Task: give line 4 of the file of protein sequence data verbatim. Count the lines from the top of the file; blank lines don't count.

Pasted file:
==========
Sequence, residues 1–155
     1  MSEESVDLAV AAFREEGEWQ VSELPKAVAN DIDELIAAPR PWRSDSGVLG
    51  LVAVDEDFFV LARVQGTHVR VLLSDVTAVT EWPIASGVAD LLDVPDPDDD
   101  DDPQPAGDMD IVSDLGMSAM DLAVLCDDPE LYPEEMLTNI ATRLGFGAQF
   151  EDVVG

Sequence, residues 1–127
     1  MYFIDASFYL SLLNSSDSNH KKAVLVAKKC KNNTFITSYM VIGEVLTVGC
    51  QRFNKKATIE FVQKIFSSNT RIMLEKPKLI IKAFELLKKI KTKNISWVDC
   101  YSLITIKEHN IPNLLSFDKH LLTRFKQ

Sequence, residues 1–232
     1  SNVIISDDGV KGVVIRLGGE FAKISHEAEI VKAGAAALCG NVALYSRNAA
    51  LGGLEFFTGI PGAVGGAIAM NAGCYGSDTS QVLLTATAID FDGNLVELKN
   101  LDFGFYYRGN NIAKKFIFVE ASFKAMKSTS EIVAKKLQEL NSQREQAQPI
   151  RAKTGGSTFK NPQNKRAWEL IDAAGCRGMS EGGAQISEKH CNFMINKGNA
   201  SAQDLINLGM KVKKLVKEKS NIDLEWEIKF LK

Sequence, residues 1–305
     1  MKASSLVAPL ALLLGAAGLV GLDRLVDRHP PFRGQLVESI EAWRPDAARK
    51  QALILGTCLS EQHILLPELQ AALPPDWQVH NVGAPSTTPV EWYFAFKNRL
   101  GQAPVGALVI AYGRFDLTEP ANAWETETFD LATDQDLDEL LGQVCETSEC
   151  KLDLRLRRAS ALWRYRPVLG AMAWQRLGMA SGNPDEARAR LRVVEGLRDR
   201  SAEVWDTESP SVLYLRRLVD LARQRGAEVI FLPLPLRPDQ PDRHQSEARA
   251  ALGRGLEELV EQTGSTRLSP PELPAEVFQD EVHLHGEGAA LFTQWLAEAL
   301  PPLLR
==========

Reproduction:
   101  DDPQPAGDMD IVSDLGMSAM DLAVLCDDPE LYPEEMLTNI ATRLGFGAQF